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Review – Victor and Nora: A Gotham Love Story (DC Comics)

Author: Lauren Myracle
Illustrator: Isaac Goodhart
Release Date: 3rd November 2020
Published by DC Comics under their Young Adult imprint


Mike Moans is back and oh boy has he missed comics. With the run up to Christmas and the single day of Covid family allocation we had here in the UK, I needed to catch up on both my reading and reviewing.

Let’s start off by pointing out that I am a 27 year old man who is far from the target audience of this week’s read. I am however an avid fan of the couple in this comic – well, more accurately, their animated versions – so let’s dive into Victor and Nora: A Gotham Love Story and see if DC’s Young Adult imprint can appeal to a seasoned comic fan, how much of the characters’ history is respected, and how the narrative forges new paths for my 3rd favourite DC comic couple (I wonder if you can guess my top 5 in the comments with this post, it would be interesting to see.)

Mr Freeze is a villain who I strongly feel you can really get the best value out of. Given only a short pair of Adam West outings, a strongly developed single episode of the legendary Batman: The Animated Series and the beautifully polished in Batman Beyond follow-up, he instantly won over many fans. After those appearances and arguably one of the best boss fights in recent video game history in the Batman: Arkham City game, he has become some of a fan favourite. You may notice me actively avoiding some of his other appearances, but trust me it’s for the best. His comic outings have been few and far between, but it was a delight to see him resurface in Sean Murphy’s recent White Knight series briefly and in the recent Detective Comics run, although I have very mixed feelings about Nora’s role in that.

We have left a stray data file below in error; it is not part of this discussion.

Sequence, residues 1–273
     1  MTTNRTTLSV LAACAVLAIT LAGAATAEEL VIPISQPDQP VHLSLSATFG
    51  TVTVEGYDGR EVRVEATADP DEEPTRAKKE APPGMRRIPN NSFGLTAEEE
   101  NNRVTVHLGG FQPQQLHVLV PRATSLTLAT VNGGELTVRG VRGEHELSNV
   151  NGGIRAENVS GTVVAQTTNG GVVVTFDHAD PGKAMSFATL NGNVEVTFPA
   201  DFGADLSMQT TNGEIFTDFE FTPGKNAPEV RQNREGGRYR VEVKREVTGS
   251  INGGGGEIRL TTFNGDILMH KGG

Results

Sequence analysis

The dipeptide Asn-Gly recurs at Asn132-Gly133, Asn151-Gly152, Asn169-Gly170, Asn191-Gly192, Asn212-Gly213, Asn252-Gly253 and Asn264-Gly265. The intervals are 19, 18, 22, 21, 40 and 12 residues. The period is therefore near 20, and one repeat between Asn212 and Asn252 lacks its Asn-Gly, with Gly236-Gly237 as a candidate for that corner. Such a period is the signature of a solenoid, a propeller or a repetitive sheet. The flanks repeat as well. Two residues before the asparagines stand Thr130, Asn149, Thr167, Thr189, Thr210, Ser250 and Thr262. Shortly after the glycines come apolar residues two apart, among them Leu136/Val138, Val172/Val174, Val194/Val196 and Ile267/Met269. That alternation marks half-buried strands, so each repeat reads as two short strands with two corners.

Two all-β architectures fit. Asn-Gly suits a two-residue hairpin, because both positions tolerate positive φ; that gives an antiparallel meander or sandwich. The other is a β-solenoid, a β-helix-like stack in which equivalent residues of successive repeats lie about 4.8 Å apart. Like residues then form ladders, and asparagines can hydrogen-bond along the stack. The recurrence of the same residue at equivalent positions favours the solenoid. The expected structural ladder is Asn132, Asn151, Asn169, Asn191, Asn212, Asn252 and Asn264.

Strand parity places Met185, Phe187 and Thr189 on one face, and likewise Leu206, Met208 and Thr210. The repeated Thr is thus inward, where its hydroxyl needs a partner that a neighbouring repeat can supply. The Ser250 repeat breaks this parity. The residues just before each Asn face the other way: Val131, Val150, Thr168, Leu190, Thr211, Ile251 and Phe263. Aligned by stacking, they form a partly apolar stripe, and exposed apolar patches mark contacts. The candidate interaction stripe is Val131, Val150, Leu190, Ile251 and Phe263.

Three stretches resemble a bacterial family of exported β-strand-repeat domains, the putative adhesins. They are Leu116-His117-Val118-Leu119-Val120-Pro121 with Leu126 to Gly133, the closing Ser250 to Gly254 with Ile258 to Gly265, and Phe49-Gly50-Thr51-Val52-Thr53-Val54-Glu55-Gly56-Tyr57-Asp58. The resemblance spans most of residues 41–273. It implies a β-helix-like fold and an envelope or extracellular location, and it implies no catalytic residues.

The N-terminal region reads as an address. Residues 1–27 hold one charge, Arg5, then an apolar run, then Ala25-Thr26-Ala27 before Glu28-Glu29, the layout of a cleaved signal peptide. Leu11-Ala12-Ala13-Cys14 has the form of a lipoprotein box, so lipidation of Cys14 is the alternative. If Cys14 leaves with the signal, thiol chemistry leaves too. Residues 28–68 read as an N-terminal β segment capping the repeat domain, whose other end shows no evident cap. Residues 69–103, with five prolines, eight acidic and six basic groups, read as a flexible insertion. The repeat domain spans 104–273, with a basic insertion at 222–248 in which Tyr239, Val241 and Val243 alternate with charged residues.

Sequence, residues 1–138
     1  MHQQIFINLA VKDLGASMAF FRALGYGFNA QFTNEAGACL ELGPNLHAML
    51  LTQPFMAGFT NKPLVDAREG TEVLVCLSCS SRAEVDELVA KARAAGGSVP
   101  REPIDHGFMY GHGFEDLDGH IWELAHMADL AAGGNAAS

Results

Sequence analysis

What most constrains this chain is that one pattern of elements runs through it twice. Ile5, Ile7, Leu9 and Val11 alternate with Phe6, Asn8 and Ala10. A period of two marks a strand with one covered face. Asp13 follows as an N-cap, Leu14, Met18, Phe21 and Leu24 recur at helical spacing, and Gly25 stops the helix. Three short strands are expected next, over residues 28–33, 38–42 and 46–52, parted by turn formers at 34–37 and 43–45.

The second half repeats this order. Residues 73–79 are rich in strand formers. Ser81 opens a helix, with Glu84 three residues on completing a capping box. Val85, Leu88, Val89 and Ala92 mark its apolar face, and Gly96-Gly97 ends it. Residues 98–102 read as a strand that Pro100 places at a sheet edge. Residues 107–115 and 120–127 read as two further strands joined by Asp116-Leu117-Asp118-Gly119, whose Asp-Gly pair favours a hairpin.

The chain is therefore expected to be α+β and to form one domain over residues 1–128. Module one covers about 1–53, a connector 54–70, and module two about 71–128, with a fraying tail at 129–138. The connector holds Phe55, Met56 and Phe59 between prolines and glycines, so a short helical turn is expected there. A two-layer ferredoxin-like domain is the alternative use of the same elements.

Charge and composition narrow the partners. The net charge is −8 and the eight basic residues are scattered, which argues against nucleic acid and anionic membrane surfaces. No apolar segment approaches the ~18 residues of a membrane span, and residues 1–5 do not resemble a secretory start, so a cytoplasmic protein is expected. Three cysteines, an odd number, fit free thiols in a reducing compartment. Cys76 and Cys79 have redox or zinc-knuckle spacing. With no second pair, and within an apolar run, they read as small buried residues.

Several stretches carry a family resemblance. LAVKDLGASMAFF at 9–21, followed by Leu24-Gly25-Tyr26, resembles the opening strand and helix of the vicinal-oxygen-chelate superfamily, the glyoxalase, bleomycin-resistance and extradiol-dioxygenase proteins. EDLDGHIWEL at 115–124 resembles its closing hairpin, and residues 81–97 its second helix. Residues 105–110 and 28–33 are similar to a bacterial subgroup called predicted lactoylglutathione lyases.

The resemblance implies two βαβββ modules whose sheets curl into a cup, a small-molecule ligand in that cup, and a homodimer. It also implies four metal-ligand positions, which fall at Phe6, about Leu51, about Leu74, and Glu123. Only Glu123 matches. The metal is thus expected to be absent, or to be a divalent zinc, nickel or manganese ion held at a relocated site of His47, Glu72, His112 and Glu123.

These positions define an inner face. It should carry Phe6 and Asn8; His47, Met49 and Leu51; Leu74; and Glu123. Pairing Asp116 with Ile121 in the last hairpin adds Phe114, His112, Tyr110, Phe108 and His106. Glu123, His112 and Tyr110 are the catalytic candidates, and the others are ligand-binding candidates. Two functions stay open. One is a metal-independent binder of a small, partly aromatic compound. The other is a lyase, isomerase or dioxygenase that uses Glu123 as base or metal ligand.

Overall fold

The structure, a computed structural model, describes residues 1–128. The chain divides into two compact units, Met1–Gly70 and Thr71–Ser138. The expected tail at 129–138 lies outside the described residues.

After a long waffling paragraph, my point is that with the amount of gold in his minor comic and media appearances so far, we’ve been treated to some impressive stories and character development from just a few small helpings. Hence me jumping in excitedly to read this latest outing.

In this iteration, Otto is Victor’s older brother (I’m sure he’s named after the actor Otto Preminger who once wielded the Freeze persona in Batman 66). Otto is remembered fondly by Victor who feels the blame for his brother’s passing in a house fire he caused. This moment led to a rift between the boy’s parents, leaving Victor very much alone with only his passion for science to motivate him. That is until we meet young love interest Nora who is set to melt Victor’s heart of ice. However, as we all know from the traditional Freeze outings, Nora is doomed with a life of chronic illness and an assured early passing.